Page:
A critical part of listening is dropping what we think we know. People behave poorly for many reasons, most of which would make their behavior seem reasonable if we only knew what those reasons were.
Sure some people are just jerks. But in my experience, they’re few and far between. Most of us have way more going on inside than anyone would ever guess from our outer behavior.
Let’s give each other the benefit of the doubt.
Critical listening skill #2 — mirror to validate.
My client Beth (not her real name) was embarrassed about not being able to change an unwanted behavior, and I blew it.
Here’s what happened. I’d seen Beth for about six months, and she struggled with changing behaviors that she knew weren’t serving her. She stayed up late every night after the kids went to bed, binging on comfort food in front of the TV and waking up feeling awful every morning.
Here’s where I blew it. I knew Beth blamed her unhelpful behaviors on ADHD, reasoning that her TV time was the only way she could relax and unwind from her stressful day.
Instead of listening to what she was feeling behind what she was saying, I moved into fixing, wondering aloud if ADHD was the entire problem or if she might also be dealing with a pretty entrenched habit.
Her reaction shocked me. She was hugely offended, believing that I was suggesting she didn’t have ADHD, which was my last thought.
If I had been really listening, I’d have said, “Beth, when you don’t lose the weight you want to lose, I bet you wonder if I think you’re irresponsible and have no willpower. You think nobody understands how much you want to change but just can’t seem to do it.”
Sadly, I didn’t do that. She didn’t come back. It was a lesson I’d have preferred to learn differently.
But it taught me that validation and mirroring are about listening for the feelings behind the words and behaviors. Before we can change our behaviors, most of us need to have our feelings validated; we need to feel ‘felt.’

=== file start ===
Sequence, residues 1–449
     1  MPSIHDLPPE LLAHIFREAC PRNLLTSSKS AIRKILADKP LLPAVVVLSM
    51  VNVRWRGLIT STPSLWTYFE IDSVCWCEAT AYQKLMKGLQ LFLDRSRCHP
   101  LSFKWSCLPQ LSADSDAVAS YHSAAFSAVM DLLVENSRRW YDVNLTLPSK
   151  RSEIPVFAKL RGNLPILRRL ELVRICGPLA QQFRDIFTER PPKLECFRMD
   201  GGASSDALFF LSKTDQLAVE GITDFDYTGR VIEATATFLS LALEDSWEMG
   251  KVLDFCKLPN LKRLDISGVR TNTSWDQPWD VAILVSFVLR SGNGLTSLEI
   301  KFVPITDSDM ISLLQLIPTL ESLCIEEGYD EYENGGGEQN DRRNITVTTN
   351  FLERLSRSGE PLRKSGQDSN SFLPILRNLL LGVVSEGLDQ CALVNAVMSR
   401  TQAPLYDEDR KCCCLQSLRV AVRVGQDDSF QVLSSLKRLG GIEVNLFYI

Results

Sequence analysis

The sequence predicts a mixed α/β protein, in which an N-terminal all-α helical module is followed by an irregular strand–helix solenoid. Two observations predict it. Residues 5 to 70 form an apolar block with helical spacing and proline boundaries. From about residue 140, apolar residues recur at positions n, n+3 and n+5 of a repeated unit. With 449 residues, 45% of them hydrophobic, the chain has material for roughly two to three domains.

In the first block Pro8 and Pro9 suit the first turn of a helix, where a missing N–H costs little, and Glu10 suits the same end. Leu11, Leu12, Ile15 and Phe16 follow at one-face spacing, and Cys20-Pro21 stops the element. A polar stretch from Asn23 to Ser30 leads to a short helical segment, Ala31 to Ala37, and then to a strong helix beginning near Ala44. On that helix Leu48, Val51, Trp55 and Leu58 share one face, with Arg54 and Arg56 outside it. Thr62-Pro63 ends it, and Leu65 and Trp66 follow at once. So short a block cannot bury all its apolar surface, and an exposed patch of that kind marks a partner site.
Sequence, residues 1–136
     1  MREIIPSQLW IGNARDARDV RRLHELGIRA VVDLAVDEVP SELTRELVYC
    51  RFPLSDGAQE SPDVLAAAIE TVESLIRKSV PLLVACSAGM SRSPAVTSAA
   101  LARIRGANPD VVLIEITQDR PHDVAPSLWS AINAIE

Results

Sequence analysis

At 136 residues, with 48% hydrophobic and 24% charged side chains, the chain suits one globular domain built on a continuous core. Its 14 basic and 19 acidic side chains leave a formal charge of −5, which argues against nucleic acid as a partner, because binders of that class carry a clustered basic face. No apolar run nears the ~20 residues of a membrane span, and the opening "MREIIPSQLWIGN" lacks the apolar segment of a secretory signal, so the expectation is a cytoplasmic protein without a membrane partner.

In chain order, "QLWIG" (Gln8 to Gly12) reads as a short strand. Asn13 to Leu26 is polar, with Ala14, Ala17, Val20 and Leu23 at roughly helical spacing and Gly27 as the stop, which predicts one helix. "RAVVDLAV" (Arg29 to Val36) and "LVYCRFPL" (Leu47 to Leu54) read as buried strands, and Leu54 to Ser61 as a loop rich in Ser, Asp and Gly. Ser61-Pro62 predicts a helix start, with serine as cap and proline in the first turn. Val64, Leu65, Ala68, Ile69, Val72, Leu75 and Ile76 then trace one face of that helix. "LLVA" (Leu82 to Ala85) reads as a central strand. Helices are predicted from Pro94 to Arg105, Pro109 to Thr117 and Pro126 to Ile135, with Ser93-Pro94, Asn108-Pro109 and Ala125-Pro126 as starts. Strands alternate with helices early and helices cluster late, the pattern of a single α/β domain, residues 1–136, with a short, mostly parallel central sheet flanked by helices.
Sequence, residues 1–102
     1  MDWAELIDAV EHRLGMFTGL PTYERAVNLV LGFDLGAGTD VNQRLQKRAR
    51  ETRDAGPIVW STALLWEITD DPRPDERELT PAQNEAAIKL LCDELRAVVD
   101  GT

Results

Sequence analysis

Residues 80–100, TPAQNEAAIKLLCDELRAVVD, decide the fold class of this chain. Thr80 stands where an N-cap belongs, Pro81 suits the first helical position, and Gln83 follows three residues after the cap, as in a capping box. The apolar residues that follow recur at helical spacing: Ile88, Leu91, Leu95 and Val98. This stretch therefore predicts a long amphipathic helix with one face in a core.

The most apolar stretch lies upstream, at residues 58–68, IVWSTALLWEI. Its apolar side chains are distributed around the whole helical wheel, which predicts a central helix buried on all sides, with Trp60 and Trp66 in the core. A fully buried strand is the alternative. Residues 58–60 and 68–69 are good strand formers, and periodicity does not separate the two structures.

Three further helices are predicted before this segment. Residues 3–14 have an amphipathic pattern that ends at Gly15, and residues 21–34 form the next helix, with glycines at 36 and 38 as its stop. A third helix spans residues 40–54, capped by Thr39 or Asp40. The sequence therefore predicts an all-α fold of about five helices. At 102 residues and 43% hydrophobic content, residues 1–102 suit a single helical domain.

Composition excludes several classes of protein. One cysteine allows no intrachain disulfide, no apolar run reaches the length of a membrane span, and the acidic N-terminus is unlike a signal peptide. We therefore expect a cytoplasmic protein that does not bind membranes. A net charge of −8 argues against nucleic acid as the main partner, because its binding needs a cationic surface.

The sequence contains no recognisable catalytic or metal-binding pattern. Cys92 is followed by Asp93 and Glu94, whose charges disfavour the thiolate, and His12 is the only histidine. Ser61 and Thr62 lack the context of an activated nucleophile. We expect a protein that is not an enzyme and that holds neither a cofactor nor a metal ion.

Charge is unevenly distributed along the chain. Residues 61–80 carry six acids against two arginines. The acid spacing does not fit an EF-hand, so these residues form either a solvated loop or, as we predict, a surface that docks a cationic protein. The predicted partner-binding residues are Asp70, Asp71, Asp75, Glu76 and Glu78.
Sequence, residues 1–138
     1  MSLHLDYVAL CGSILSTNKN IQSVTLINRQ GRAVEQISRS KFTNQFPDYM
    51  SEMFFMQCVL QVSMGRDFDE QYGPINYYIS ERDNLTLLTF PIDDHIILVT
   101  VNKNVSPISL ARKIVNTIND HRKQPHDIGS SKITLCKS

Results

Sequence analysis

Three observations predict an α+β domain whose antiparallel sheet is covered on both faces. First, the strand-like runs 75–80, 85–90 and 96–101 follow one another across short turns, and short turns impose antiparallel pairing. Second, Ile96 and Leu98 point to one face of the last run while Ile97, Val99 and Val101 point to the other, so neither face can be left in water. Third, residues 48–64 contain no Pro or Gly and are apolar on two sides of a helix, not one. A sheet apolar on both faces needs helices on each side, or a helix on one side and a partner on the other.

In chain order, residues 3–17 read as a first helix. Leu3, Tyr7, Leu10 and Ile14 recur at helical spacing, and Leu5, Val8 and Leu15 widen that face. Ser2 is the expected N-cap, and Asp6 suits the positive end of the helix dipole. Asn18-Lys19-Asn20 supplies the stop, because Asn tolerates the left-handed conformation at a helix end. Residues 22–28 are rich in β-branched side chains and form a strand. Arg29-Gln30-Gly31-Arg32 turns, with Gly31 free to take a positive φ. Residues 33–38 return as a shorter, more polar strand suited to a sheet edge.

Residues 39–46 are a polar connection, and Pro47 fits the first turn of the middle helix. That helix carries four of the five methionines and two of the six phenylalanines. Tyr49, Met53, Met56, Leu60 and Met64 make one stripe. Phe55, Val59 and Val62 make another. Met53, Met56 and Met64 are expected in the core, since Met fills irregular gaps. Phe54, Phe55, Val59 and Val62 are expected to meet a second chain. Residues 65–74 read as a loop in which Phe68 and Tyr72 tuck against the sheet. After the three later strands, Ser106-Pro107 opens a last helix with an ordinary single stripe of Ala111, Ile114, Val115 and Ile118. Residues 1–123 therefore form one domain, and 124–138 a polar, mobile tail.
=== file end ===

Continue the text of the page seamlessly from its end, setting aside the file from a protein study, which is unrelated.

Because I didn’t acknowledge Beth’s feelings, I reinforced her discomfort. She needed to prove to me how impossible it was to change her behavior.
Philippa Perry, the author of The Book You Wish Your Parents Had Read, says our kids need to be ‘felt’ with, not ‘dealt’ with.
When someone feels ‘felt,’ they’re more likely to cooperate, collaborate, and communicate.
Validation is a marriage of listening and feelings — listening to the feelings driving the behavior. Listening so well that you can describe what the upset person struggles to articulate.
Critical listening skill #3 — be more interested in what they’re thinking and feeling than what you’re thinking and feeling.
Often clients come to sessions wanting advice.
Years ago I read a Buddhist teacher who put advice-giving into perspective. The teacher said, “If someone asks you for advice, don’t give it until they’ve asked you three times. And the fourth time they ask, consider not giving it anyway.”
As I explain to my clients, whatever advice I offer would be what would work for me, not them. Over the years, I’ve seen clients develop unique solutions that would never have occurred to me.
One of the most respectful responses you can offer someone when they’re struggling is, “I have every confidence you will figure this out. You may not know exactly how right at this moment, but you are the best expert on you. I will be here to support you in what you decide.”
Listening means not jumping in with a fix; it means just listening.
Remember these three critical listening skills:
- Drop preconceptions — meet people as though it’s the first time.
- Mirror and validate feelings instead of fixing them.
- Be more interested in what others are thinking and feeling than what you’re thinking and feeling.
I’d love to hear what you think about the idea of listening rather than fixing. Are the three critical skills something you’re willing to try or you’re already good at? Do you have other unique listening tips that make people feel ‘felt?’
P.S. I’m always thrilled to hear from you, and I appreciate every time my email is forwarded to someone new.
Thank you for your support.